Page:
Bridget’s family has been turned out of their home during the Irish potato famine and their only refuge is the workhouse where living conditions are hard and freezing and the food sparse. There is one chance for Bridget and her sister – to take a ship to a new country and become Australians. But will they survive the journey, let alone the challenges that await them in a far away land?
Sister Heart by Sally Morgan
A young Aboriginal girl is taken from the north of Australia and sent to an institution in the distant south. There, she slowly makes a new life for herself and, in the face of tragedy, finds strength in new friendships. Poignantly told from the child’s perspective, Sister Heart affirms the power of family and kinship.
Molly and Pim and the Millions of Stars by Martine Murray
Molly’s mother is not like other mothers: she collects herbs and makes potions, perhaps even magical potions. Molly wants to be normal, like her friend Ellen, and watch television and eat food that comes in packets. But when Molly’s mother accidentally turns herself into a tree, Molly turns to the strange and wonderful Pim for help.
Helix and the Arrival by Damean Posner, with illustrations by Jules Faber
What if a wimpy kid was born in the Stone Age? Turning thirteen is when caveboys miraculously change from skinny, hairless, squeaky-voiced cowards (like me) to thick-browed, hair-covered, deep-grunting cavemen (like my best friend Ug). That’s when we’re tested. It’s called the Arrival. You’re supposed to disappear into the woods and return with something big, dangerous or rare – preferably all three. Except I can’t even lift a club above my shoulder. Even with my friends Ug and Saleeka trying to teach me to hunt, I don’t have a chance. If I fail the Arrival, there’ll be an extra line on my family’s stone tablet saying: Helix was banished to the Dark Side because he was a massive embarrassment to his family, as well as any self-respecting caveman on the mountain. So my story might as well end here, but I’ll keep telling it anyway. Charcoal meat on a stick, anyone?
Shadows of the Master by Emily Rodda (Star of Deltora, bk. 1)
Britta of Del wants nothing less than to be the new Apprentice Trader of the Rosalyn fleet. Family and friends and even the terrible secret of her parentage will not stop her. But how can she succeed when her true identity must surely be guessed by Trader Mab, who knew her father, and the crew of the Star of Deltora? Relying on no more than her wits and the kind acts of friends she makes along the way, Britta is drawn closer and closer to her terrible destiny.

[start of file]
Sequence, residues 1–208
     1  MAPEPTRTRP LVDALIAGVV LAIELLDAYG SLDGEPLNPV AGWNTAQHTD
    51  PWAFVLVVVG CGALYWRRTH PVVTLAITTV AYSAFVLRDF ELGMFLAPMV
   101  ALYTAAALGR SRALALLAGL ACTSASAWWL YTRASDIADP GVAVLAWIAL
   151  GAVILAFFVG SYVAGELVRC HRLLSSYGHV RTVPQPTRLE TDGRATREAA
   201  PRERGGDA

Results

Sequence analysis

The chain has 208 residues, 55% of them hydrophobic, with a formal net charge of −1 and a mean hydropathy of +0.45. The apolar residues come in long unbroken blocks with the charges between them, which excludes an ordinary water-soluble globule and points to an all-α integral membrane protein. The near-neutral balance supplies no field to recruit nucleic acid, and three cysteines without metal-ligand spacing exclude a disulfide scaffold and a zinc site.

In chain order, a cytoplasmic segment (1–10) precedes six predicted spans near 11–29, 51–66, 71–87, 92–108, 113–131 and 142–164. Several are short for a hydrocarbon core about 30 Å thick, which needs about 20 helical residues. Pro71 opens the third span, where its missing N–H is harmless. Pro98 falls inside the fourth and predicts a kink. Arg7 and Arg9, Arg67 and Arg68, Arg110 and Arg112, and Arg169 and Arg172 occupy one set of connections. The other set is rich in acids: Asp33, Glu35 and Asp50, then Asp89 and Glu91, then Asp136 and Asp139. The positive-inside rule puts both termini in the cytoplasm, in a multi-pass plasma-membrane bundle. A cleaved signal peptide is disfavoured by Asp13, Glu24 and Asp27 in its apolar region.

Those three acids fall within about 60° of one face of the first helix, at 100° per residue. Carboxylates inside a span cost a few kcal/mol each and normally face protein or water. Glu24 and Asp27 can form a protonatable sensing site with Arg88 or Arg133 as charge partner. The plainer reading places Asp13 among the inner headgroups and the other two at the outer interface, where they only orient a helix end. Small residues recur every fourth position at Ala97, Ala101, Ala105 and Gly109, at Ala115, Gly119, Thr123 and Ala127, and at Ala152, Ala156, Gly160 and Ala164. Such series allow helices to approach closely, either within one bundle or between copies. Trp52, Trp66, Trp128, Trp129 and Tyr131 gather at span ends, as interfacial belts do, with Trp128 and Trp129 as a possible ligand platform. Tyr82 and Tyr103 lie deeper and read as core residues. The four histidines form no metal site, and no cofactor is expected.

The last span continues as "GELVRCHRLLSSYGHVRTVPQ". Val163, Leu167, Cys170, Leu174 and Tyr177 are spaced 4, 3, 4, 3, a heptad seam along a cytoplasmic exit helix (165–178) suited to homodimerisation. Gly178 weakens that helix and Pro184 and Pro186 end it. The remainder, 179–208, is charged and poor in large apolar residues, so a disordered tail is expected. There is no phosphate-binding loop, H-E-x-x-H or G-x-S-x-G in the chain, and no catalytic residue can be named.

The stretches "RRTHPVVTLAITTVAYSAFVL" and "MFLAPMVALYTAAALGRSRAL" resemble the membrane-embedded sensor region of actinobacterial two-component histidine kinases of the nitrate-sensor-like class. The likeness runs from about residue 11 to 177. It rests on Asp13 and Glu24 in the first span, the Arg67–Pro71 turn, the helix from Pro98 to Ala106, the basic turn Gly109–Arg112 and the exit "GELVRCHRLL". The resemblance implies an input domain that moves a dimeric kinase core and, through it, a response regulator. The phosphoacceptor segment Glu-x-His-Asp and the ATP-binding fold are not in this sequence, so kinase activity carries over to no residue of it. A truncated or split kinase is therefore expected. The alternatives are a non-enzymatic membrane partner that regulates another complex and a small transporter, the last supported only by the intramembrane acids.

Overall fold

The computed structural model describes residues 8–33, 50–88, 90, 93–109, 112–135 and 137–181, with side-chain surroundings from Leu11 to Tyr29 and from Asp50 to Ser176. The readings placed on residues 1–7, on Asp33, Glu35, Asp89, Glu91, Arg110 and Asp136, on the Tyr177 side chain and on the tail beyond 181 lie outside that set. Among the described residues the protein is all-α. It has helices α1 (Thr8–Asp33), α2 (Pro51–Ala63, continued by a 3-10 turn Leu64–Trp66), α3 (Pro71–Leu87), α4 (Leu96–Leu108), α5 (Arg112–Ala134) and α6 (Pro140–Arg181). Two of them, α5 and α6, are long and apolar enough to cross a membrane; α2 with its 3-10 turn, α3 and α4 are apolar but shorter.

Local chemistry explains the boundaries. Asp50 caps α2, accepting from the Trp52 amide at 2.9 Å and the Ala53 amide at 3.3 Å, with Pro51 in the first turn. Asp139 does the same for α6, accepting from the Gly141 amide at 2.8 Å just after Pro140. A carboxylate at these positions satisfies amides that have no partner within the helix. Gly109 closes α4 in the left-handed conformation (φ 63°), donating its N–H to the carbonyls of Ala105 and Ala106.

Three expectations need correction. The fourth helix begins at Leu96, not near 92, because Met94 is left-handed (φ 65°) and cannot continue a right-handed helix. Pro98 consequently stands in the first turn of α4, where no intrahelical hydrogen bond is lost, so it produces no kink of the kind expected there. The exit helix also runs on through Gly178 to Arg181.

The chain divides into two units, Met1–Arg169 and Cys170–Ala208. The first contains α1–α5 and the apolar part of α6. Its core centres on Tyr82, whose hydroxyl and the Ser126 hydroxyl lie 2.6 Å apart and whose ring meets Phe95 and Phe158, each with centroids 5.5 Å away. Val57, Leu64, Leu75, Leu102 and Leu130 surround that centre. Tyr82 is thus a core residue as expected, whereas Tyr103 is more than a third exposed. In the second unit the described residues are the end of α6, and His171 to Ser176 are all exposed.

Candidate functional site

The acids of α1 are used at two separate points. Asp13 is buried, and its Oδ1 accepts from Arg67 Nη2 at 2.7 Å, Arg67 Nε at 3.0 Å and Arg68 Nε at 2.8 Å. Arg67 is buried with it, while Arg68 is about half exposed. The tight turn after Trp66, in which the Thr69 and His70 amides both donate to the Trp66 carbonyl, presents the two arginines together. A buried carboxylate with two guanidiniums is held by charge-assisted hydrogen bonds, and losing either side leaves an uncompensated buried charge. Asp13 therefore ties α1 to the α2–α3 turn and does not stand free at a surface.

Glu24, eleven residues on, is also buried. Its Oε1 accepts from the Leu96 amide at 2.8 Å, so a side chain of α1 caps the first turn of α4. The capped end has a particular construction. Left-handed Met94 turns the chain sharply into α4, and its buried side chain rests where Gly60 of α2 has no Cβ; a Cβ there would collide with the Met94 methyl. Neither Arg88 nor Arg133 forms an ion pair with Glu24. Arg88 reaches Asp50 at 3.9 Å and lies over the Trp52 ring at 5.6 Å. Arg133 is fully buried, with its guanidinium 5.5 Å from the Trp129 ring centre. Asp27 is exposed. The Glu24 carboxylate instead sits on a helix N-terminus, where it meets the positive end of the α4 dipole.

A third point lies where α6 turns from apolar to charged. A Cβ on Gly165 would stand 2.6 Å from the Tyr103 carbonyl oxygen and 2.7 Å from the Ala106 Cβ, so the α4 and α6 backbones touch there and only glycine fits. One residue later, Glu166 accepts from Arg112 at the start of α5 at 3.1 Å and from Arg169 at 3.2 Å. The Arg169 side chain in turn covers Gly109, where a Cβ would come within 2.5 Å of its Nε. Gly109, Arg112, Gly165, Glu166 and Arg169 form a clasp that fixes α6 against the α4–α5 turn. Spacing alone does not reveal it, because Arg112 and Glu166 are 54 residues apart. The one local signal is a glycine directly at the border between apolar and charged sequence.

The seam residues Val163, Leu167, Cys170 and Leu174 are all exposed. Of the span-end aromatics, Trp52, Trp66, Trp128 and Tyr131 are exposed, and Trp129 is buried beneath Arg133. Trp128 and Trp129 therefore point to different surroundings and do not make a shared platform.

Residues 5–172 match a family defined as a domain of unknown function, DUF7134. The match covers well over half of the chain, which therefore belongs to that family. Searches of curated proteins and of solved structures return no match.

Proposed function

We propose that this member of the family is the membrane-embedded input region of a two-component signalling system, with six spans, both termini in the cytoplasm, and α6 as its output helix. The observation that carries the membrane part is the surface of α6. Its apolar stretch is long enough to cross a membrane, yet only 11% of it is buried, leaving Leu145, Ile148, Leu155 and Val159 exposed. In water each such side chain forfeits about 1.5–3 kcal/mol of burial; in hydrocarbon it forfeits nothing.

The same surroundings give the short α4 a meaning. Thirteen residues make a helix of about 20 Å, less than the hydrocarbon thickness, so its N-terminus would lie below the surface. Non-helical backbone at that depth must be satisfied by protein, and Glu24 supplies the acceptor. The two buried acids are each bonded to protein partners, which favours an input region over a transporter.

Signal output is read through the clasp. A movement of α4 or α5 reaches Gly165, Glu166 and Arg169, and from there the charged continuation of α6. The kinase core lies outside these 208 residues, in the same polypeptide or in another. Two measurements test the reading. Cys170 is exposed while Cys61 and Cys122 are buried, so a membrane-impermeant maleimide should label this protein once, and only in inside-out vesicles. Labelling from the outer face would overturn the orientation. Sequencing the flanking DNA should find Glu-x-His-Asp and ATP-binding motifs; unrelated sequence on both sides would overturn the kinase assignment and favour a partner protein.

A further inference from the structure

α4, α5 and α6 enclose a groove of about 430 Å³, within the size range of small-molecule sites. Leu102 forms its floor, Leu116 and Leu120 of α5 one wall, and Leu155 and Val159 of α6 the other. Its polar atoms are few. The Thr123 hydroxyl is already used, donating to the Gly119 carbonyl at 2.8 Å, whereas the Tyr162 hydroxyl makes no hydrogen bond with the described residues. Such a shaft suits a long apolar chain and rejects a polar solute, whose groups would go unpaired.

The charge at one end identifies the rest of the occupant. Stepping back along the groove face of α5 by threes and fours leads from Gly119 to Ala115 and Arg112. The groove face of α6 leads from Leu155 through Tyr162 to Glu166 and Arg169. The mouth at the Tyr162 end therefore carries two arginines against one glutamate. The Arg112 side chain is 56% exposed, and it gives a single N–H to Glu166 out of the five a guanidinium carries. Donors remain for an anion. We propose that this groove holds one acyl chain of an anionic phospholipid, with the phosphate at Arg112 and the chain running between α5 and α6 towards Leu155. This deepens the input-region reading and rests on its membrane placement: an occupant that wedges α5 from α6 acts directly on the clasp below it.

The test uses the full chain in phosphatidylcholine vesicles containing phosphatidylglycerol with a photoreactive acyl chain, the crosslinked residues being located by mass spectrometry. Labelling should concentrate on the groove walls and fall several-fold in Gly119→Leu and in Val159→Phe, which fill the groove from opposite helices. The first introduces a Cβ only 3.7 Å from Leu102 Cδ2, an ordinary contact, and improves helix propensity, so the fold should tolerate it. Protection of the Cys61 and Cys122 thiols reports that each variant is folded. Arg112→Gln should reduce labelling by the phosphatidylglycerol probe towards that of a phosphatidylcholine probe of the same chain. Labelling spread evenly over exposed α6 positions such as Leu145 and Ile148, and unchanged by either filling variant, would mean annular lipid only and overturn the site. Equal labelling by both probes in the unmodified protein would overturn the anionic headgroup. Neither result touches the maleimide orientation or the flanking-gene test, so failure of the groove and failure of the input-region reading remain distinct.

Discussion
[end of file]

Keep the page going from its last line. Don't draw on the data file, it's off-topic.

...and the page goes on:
The Fourteenth Summer of Angus Jack by Jen Storer, with illustrations by Lucinda Gifford
Since moving to Australia with their father, Angus Jack and his sister, Martha, have moved house constantly. They end up living next door to a peculiar old lady called Reafen, who is a second-hand dealer. To Angus and Martha, Reafen seems harmless enough. But who is she really and where did she get all the weird stuff in her shop? Without his knowledge, Reafen draws Angus into her world; into ancient feuds, Wild Magick and bitter rivalries – into the secret dealings of Vikings and goblins and all those who have livied in the Old Realm. Funny, exhilarating and a little bit scary; a bewitching blend of Norse mythology and urban fantasy from the award-wining author of Tensy Farlow and the Home for Mislaid Children.
The Hush Treasure Book by Karen Tayleur
Welcome to the world of HUSH … a world of magic, wonder and mystery…Created for the Hush Music Foundation, famous for its original music albums used in hospitals all around the world, this book is a treasure trove that will delight and entertain the whole family…A glorious collection of stories, poems and pictures from thirty favourite storytellers